Analysis using other valuation metrics shows a similar story. EV/EBITDA and Price/Adjusted Funds from Operations (AFFO) both indicate that high yielding REITs exhibit lower valuations compared to their broader REIT asset class.
Source: Bloomberg. Data based on average of Equity REIT EV/EBITDA. Data based on average of Equity REIT Price to Adjusted Funds from Operations. Includes only US Equity REITs as those ones report Funds from Operations numbers. Broad Equity REITs represented by FTSE EPRA NAREIT Global REITs Index. Data as of 12/31/19.
For investors concerned that the recent run-up in the broader REIT space may result in muted future returns, narrowing in on REITs with more attractive valuations could help improve long term performance and reduce the susceptibility to valuation contractions if interest rates rise or the economy stumbles.
Mortgage REITs Back In Vogue
Mortgage REITs (mREITs) are a fundamentally different business than Equity REITs. Rather than owning physical properties, mREITs own and trade mortgages. While each mREIT has a unique approach and portfolio of assets, typically they borrow short term debt to finance buying longer term mortgages. MREITs benefit from the difference between the yield on the mortgages they own and their financing costs, which can be impacted by the steepness of the yield curve and the credit spread on mortgages above government debt. For example, when the yield curve briefly inverted, mREITs lagged behind their Equity REIT counterparts, because long term debt yielded less than short term debt.
Given that the yield curve has returned to a positive slope, mREITs are back on many investors’ radar.
Source: Bloomberg. Data from 12/31/18 to 12/31/19.
If interest rates have indeed bottomed and are likely to stay low for the near future, it could be an advantageous environment for mREITs. Historically, when interest rate volatility is low, Mortgage REITs perform well because borrowers are less likely to prepay their mortgages to refinance their home or building. Conversely, high volatility interest rate periods tend to be negative for mREITs because either prepayments or extensions become more likely.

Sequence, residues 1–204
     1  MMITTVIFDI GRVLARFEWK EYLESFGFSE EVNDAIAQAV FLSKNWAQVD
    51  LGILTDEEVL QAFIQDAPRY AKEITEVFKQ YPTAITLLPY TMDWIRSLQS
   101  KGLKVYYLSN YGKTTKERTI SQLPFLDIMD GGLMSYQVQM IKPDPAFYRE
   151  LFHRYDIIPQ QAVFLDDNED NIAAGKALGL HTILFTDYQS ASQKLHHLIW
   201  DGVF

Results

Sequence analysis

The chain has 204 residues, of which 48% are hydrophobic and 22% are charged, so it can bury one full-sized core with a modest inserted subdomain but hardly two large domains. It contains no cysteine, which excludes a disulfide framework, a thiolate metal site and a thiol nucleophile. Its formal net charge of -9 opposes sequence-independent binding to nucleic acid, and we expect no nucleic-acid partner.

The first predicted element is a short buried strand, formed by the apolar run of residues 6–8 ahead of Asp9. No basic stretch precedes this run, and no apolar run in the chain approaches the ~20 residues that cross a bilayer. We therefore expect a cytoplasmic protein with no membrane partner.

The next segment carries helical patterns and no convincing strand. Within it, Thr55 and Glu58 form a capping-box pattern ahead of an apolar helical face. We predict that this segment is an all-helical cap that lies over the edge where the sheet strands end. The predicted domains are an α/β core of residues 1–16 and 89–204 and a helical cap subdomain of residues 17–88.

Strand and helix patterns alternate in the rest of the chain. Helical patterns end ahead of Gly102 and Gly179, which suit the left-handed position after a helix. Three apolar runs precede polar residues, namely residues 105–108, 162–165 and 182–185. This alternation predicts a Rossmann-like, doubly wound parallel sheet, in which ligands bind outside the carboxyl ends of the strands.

Source: Bloomberg. Data from 1/28/15 to 1/27/20. Interest Rate Volatility measured by CBOE Interest Rate Volatility Index. Mortgage REITs represented by FTSE NAREIT Mortgage REIT Index. Left hand side is Interest Rate Volatility Performance and Right Side is Mortgage REIT performance.
Mortgage REITs have historically maintained a high yield spread to 30-year government bonds, due to their use of leverage, mortgage credit spreads, and their hedging and forecasting strategies. Even in a period of dovish monetary policy, mREITs continue to adjust their interest rate sensitivity, balance sheet leverage, and credit risk. At a time when US Treasuries are yielding almost just a breakeven amount to inflation and international sovereigns are offering negative rates in many cases, Mortgage REITs have been playing an important role in providing higher yields to investors.
Source: Bloomberg. Data from 12/31/14 to 12/31/19. Mortgage REITs represented by FTSE NAREIT Mortgage REIT Index.
Given that we expect interest rates are close to bottoming and that REITs enjoyed strong performance in 2019, investors ought to become more discerning in their approach to REITs to avoid potentially overvalued investments. Screening for higher yielding equity REITs is one way to uncover more attractively valued segments of the REIT market. In addition, mortgage REITs may now be a well-positioned segment given the steeper yield curve, low interest rate volatility, and their attractive dividend yields.
The Global X SuperDividend REIT ETF (SRET) invests in 30 of the highest yielding REITs around the world.